A nonprofit publication of the Kentucky Center for Public Service Journalism

Could protesting teachers be returning to Frankfort on Friday?

By Mark Maynard
Kentucky Today

Gov. Matt Bevin referred to the Kentucky Education Association, not the teachers who belong to the union, as the problem during his Monday press conference announcing he was vetoing the budget and tax reform bills.

Nevertheless, when lawmakers return to Frankfort on Friday to consider overrides to the governor’s veto actions, they could be facing more protesting teachers, much like the massive showing on March 30 when thousands came to the Capitol to make their voices heard.

The Jefferson County teachers union said in a Facebook post that teachers with available personal days should take Friday off and travel to Frankfort for a protest. The post did say it would “not be appropriate to use a sick day for this purpose.”

Pike County Strong, a public education advocacy group, is asking its teachers to call in sick Thursday night so schools could close Friday and allow teachers to take their protest to Frankfort.

“Teachers on Thursday night need to start calling in with that sewer flu so that (Pike County Superintendent) Mr. Adkins can cancel school Friday and get us there,” said Megan Smith, a Belfry Middle School teacher, in the group’s video announcement.

The “sewer flu” refers to Senate Bill 151 that originally dealt with sewer regulations that was overhauled into a state pension system bill.

The storm seems to be brewing across the state.

Bevin made it clear in his press conference that a teacher walkout would be “illegal” and “a mistake.”

“It’s illegal for them to strike in this state. I would not advise that, I wouldn’t, I think it would be a mistake,” he said.

Bevin insisted it wasn’t the teachers but the KEA where the problem exists.

“The issue isn’t the teachers. Teachers want to teach their children,” Bevin said. “The KEA has been a problem.”

In a statement, KEA President Stephanie Winkler bristled at the suggestion that the union is the problem.

“KEA is 45,000 women and men who serve in every community in Kentucky, supporting and training our children for the jobs they will do when they take their places in the adult world. KEA members live, work and pay taxes in every community in this state,” Winkler said. “If the governor wants to work with ‘job creators and taxpayers’ why does he insist on insulting so many people who do both?”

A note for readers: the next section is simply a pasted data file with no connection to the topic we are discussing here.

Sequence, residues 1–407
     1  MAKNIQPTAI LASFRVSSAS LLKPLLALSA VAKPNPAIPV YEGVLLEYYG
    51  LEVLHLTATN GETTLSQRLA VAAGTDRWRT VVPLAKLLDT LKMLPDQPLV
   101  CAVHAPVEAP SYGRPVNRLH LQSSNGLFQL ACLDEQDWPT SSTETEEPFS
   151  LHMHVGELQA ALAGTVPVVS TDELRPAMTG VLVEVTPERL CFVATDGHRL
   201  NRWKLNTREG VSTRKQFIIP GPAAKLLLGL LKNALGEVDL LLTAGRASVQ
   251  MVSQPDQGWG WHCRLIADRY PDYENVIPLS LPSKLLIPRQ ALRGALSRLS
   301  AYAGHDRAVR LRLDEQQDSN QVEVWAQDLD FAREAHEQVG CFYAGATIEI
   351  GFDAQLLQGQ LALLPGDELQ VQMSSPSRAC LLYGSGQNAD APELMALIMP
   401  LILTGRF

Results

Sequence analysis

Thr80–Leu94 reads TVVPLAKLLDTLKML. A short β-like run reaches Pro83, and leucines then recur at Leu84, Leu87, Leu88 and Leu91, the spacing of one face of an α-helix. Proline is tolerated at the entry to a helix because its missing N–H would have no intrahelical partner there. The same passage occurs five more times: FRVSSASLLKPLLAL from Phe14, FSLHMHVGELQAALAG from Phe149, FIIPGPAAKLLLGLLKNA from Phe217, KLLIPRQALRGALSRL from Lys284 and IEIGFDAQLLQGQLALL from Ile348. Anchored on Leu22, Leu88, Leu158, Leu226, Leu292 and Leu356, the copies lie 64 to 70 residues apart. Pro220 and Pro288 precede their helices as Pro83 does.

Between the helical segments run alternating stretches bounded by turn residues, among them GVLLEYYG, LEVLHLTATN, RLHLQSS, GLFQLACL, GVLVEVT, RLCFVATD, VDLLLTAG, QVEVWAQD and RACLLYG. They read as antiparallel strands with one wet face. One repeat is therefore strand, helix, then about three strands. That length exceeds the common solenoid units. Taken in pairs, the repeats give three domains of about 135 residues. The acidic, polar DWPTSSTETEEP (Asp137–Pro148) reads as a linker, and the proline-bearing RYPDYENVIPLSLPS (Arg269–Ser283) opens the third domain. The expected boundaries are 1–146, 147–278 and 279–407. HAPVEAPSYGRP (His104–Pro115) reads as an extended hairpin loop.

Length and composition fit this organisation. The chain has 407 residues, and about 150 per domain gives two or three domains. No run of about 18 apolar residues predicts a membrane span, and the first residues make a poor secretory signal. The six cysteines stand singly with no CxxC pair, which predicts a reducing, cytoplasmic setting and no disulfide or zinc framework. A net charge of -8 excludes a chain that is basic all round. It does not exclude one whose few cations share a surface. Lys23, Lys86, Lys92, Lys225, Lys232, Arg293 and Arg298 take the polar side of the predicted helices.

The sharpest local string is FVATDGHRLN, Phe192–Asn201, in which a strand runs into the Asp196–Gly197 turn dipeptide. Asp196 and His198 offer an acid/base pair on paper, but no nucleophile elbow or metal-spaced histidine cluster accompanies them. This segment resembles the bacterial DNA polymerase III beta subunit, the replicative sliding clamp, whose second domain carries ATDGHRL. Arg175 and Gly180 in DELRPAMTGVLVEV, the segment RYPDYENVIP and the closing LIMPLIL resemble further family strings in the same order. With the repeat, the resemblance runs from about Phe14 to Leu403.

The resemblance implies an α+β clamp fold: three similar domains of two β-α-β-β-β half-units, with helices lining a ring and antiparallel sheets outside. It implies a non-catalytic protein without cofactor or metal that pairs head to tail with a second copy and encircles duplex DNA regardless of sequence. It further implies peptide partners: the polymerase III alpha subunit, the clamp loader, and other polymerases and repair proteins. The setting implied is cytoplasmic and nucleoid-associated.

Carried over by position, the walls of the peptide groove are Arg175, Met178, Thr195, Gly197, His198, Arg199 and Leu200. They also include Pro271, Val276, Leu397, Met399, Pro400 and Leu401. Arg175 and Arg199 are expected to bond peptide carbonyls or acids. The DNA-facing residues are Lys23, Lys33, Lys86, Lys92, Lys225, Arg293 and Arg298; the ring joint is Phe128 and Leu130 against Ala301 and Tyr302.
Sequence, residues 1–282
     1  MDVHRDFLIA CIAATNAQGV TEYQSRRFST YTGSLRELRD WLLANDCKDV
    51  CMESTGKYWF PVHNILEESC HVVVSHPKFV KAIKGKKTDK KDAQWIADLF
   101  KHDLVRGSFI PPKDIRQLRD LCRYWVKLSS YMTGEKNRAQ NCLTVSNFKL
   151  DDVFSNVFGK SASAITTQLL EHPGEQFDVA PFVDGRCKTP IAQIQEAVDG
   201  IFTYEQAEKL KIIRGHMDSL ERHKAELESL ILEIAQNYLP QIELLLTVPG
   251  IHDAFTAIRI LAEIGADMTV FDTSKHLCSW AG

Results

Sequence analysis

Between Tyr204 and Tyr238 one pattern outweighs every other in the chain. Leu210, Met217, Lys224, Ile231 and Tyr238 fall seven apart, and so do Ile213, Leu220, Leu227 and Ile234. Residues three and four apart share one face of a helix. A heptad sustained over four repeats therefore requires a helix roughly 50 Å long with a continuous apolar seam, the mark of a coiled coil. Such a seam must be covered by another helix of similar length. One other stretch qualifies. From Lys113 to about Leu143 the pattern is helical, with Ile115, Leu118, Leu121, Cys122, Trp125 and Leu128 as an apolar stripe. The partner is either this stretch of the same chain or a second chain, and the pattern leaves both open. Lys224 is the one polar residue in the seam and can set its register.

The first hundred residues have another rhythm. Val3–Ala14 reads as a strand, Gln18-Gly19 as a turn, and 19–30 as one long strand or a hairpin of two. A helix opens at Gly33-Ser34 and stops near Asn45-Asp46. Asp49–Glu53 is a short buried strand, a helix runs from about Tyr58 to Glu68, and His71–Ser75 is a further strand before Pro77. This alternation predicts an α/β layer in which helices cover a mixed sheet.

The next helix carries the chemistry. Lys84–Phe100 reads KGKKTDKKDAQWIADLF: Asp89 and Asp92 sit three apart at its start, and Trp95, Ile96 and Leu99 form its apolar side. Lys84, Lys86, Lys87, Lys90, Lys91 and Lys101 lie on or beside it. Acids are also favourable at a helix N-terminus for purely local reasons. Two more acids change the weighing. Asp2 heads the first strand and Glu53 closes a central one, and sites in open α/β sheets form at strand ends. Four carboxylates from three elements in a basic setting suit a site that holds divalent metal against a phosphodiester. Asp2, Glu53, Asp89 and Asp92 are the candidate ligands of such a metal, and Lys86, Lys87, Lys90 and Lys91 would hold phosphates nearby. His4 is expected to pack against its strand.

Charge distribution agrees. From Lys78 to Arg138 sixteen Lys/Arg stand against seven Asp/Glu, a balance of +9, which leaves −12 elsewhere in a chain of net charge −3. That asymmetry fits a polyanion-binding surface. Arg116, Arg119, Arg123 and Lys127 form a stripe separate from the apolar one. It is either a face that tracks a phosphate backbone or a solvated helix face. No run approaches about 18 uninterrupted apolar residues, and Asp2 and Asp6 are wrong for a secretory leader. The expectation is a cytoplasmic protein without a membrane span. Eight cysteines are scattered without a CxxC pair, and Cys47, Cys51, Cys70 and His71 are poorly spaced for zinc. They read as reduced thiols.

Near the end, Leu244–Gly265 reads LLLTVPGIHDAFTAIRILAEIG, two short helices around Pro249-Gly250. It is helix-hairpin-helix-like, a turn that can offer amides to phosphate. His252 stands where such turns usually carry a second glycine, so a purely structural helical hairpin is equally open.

The KEA has not asked for a walkout or sickout on Friday but teachers across the state are becoming frustrated.

The union encouraged teachers to return to work Monday and for people to “wear red for public ed.”

Following Bevin’s morning press conference, they are now asking teachers to call legislators and tell them to override the vetoes.

“The Governor’s veto of a budget that includes hundreds of millions of dollars in new revenue dedicated to public education is nothing short of reprehensible because it will harm every public school student in our Commonwealth,” Jefferson County Teachers Association President Brent McKim said in a statement. “On behalf of the 6,000 dedicated public school educators JCTA represents, we call on the members of the General Assembly to do the right thing for the children of our Commonwealth by overriding the Governor’s budget and revenue vetos.”

The KEA said in a Facebook statement they agreed with Bevin that House Bill 200 and House Bill 366 are far from perfect.

“But instead of sending the legislature back to square one and forcing a special session that the citizens of Kentucky should not have to pay for, the Governor should sign both bills and begin doing now what he should have been doing all along: engaging the legislature and the people of Kentucky in constructive, forward-looking, bipartisan discussions aimed at finding new solutions to the revenue challenges facing the Commonwealth.”


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